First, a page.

Weekend project: DIY desk with industrial pipe and reclaimed wood
Here at the homestead, we’ve got an underused office/spare bedroom that we’ve been trying to do… well, something with. We did replace our beaten-up, college-era spare bed with an awesome IKEA trundle daybed that’s both pretty and practical. But the weakest link in the room was the cheap, coffee-stained, white laminate particle-board desk we got at Target many years ago.
So, after pulling myself out of a Pinterest vortex, I decided to build a more grown-up DIY desk from reclaimed wood and steel pipe fittings. Here’s how it went.
How to build a DIY desk from industrial pipe and reclaimed wood
There are basically two parts to this project: The desktop, made of wood, and the frame, made of pipe fittings, which you simply secure to the desktop with wood screws. I also built two shelves — one for our printer, another for various office junk — which are basically miniature wood desktops.
Besides their industrial look and their slender sturdiness, the real magic of 1/2-inch steel pipe fittings, of course, is that they screw together, making this frame even easier to assemble than your average IKEA project.
The real bummer, though, is that they’re pretty expensive to buy and ship from places like Home Depot or Amazon. After some digging, I found the best prices on black pipe fittings were at SupplyHouse.com. While I can’t vouch for how well their pipes would perform carrying water or gas, they certainly worked great for my purely decorative purposes. (They’re oily when you pull them out of the box, so have a rag handy.)
The desktop, meanwhile, can be as simple or complicated as you want it to be. The simplest way to do this would be to buy a slab of butcher block from IKEA, stain and varnish it, and then screw in the pipe frame.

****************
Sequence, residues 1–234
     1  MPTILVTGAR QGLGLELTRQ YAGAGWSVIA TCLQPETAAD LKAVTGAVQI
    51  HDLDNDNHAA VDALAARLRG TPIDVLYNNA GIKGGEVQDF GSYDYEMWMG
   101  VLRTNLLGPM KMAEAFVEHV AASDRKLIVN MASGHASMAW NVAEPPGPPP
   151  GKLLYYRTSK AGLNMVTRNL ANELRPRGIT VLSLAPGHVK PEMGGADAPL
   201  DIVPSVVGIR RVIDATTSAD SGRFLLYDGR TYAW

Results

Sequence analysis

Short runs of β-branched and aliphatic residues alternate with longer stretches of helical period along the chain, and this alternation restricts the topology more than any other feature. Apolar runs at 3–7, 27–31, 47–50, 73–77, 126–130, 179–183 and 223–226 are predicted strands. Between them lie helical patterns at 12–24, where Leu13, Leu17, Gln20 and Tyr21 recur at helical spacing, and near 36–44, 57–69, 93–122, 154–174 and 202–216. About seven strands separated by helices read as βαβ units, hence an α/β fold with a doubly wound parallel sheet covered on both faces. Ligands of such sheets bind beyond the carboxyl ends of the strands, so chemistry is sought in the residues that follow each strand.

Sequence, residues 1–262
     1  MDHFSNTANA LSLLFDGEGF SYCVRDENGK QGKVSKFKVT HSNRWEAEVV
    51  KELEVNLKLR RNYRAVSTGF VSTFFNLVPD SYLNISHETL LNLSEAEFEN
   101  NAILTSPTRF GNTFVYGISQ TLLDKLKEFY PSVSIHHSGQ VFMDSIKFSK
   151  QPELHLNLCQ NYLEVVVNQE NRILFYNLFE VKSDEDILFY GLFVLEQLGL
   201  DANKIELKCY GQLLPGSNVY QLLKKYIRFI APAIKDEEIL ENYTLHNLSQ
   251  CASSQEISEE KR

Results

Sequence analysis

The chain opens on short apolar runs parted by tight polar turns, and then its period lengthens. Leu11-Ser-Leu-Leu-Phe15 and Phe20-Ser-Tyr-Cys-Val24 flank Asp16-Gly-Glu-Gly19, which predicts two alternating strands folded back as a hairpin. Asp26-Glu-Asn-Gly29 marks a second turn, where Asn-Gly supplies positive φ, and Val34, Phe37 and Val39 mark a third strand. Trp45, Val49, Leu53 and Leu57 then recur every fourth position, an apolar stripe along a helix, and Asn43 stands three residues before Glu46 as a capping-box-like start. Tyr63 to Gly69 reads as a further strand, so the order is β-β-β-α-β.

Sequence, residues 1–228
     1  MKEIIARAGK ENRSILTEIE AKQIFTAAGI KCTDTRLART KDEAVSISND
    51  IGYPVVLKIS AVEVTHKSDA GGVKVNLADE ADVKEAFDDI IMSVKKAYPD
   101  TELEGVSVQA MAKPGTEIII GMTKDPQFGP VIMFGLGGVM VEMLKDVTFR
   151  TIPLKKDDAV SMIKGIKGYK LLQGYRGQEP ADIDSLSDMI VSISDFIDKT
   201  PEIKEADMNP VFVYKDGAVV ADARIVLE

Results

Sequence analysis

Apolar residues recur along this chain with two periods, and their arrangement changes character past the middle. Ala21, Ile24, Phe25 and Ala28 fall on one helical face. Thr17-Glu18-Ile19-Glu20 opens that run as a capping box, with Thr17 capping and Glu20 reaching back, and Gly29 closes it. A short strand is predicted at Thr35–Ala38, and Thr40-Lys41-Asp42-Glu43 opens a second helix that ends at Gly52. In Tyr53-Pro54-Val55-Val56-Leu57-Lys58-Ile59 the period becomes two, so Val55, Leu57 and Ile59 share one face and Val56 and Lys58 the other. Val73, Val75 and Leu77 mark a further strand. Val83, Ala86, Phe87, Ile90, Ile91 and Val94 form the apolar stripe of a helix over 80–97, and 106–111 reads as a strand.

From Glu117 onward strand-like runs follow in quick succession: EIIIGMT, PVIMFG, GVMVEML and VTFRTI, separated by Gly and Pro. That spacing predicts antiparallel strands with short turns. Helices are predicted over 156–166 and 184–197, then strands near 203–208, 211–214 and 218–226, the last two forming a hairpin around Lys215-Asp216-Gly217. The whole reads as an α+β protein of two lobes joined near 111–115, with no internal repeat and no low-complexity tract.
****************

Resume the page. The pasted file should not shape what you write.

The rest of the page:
As it were, I had a whole bunch of 30-inch, 1×4 wood slats from an old IKEA bed frame in the garage, so that was the basis for this project. There weren’t quite enough of them to also make shelves, so I supplemented that stock with another few 1×4 boards left over from other projects.
Using many smaller boards gives the desk a real nice look, but it does complicate matters — you have to join a lot of boards at both the ends and at the sides.
If I had to do it over again, I’d probably use just three long 1×8 boards, or at least use full-length 1x4s running parallel to eliminate the need to join them at the ends, which was a pain in the ass.
Now, as you should know by now, I’m not a pro at this stuff. At all. If I were, and if I had the right equipment, I’d probably have run the final desktop through a planer so it’d be perfectly flat. Or at least I’d sand it down way more than I had the patience for.
As it is, the varied planks create ridges and small gaps in the desktop, so you probably wouldn’t want to use it to write or draw without a notebook underneath. But to hold your laptop and office supplies (and printer, down under), and look good doing it? Well, that it can do.
Materials for the desktop
- 1 x 4 pine boards (or use 1×8’s with 1×4 edges to make the project simpler)
- 1-1/2″ wood screws
- Wood glue
Materials for the steel pipe frame
- 1/2″ black floor flange (x 12)
- 1/2″ black tee (x 12)
- 1/2″ x 6″ black nipple (x 12)
- 1/2″ x 12″ black nipple (x 6)
- 1/2″ x 18″ black nipple (x 6)
- Pocket-hole jig
- Power drill
- Spring clamps
- Pipe thread lubricant (or Vaseline)
- Power sander and/or sandpaper
Assemble the frame
I wanted to keep things simple, so the frame is really just three of the exact same assembly. Two of them run parallel to the desktop on the left half of the desk (forming supports for shelves), while the third runs perpendicular on the right edge.
Start by assembling all six legs:
- Flange >> 6″ pipe >> tee >> 12″ pipe >> tee >> 6″pipe >> flange
It kinda looks like this: 0——T————T——0
Then, just connect each pair of legs with 18″ pipe lengths screwed into the tee fittings at the top and bottom. You’ll end up with three assemblies that kind of resemble a capital H, but with two horizontal lines across the middle. Here’s how I sketched it out:
Now, one challenge of working with threaded pipes is that it’s impossible to screw in one side of that 18-inch connecting pipe when the other side is already screwed into something fixed. The workaround for this is to lube the hell out of the pipe threads, screw them as deep as they’ll go on the first side, and then line it up to the other side and basically unscrew it from the first side so it screws into the second side. Stop halfway, so it’s partially screwed in on both sides.
Build the desktop
Given that I had a dozen or so boards all cut to 30″ with IKEA precision, I decided to start there (which included tugging the staples out with pliers).